In a letter slated for inclusion with OPI’s request, the board said that while such assessments are key to improving education and directing federal funding, requiring schools to conduct statewide testing in the midst of a health crisis is “not the best way to measure student success at this time.” Deputy Superintendent of Public Instruction, Sharyl Allen, informed the board that OPI also received a letter of support from Gov. Greg Gianforte and collected public comment on the waiver throughout January. All of that information will be submitted alongside the waiver request on Feb. 5, Allen said.
Montana was granted a similar exemption last March in an attempt to enable schools to focus on the more immediate challenges raised by the pandemic. The decision gave districts the option to cancel a broad swath of tests typically conducted statewide in the spring to measure academic achievement, among them the Smarter. Superintendent of Public Instruction, Elsie Arntzen, is effectively asking for that exemption to be extended through the current academic year.
“I feel duty-bound to convey the needs of our schools today,” Arntzen wrote in her letter requesting the latest waiver. “It is not getting easier, it is getting more challenging for students and their teachers. To quote a local superintendent, ‘Our teachers are working double-time and they are exhausted.’ A test, at this time, is not where our efforts need to be deployed.”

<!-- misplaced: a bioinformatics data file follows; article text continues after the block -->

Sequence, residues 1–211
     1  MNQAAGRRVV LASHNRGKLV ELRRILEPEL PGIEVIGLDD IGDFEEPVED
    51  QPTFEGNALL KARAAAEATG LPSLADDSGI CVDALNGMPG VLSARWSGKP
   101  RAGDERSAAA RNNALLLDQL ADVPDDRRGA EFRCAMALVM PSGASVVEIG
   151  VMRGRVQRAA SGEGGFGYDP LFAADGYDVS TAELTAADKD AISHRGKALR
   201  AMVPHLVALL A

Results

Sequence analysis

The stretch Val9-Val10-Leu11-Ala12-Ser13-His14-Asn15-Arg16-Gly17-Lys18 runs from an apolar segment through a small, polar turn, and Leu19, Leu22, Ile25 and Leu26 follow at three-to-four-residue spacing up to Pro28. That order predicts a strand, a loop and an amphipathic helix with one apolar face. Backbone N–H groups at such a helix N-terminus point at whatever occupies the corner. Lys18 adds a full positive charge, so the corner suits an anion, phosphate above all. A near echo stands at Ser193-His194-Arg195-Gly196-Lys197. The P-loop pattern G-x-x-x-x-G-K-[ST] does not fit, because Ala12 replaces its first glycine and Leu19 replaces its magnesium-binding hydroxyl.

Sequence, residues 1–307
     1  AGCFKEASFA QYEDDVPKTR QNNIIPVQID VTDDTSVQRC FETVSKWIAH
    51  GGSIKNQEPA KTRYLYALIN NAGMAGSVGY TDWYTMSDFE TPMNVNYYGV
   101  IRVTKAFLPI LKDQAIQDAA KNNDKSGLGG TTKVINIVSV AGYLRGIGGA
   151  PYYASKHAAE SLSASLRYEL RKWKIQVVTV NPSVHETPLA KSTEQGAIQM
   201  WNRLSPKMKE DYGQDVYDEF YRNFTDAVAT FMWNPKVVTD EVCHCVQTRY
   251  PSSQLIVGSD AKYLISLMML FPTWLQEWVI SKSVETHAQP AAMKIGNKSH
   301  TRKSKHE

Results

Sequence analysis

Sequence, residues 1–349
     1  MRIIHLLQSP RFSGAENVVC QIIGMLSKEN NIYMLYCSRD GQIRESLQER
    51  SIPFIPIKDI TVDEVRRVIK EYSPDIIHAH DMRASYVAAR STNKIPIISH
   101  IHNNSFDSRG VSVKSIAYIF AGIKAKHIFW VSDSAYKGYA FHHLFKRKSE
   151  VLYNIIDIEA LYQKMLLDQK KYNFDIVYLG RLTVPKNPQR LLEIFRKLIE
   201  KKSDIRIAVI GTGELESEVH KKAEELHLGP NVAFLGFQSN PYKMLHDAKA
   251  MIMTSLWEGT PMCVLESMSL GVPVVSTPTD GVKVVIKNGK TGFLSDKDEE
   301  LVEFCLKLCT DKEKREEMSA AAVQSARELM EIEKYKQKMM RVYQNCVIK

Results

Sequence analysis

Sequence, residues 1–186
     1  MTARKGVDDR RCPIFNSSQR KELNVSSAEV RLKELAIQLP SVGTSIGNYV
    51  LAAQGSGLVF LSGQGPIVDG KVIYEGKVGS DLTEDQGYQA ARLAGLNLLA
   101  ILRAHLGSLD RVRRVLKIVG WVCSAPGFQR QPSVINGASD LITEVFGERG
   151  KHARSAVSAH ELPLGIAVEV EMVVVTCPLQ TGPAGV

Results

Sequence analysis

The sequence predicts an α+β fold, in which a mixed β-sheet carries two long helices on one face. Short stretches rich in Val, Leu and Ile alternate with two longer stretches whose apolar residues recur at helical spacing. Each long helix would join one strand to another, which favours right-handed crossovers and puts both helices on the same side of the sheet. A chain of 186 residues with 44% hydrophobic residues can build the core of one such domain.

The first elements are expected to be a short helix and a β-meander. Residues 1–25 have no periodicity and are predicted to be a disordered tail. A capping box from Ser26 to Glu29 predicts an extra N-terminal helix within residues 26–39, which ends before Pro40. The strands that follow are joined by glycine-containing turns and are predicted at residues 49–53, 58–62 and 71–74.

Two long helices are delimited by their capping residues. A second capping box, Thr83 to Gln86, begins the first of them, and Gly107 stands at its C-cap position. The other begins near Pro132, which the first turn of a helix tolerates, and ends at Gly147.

The National Center for Education Statistics, which administers its own standardized test each year, announced in December it is postponing testing until 2022 due to COVID-19.
During its discussion Friday, the board concurred that administering statewide assessments would create an added burden on Montana educators. The board’s vice chair, Tammy Lacey of Great Falls, noted that such testing isn’t as simple as just handing out a booklet and having students fill in bubbles. There’s considerable prep work, she said, and requiring teachers to dedicate previous time to that work would be “very inappropriate.” Board member Sharon Carroll of Ekalaka reported as a teacher herself, she agreed.
“Sitting in the classroom with students, I don’t know where I’m going to find the time with children in and out of my classroom to really administer and provide a test that will provide the kind of data that would be good to use,” Carroll said.
Board Chair, Darlene Schottle of Bigfork, said she was surprised to hear from a number of local superintendents who preferred not to cancel assessments in the hope of gauging how their students are doing academically almost a year into the pandemic.
Several other members noted that if the waiver is granted, districts and individual teachers do still have options to assess students’ academic performance. Anne Keith of Bozeman said a number of elementary school teachers she’s visited with are already doing just that.
“They’re doing daily digs to see exactly where their kids are weak and what skills need to be filled,” Keith said. “They would say they’re doing more assessments than ever, and this year they don’t need this big state test to tell them where their kids are lacking.”
According to OPI’s waiver timeline, once the request is submitted, the U.S. Department of Education has until June to respond.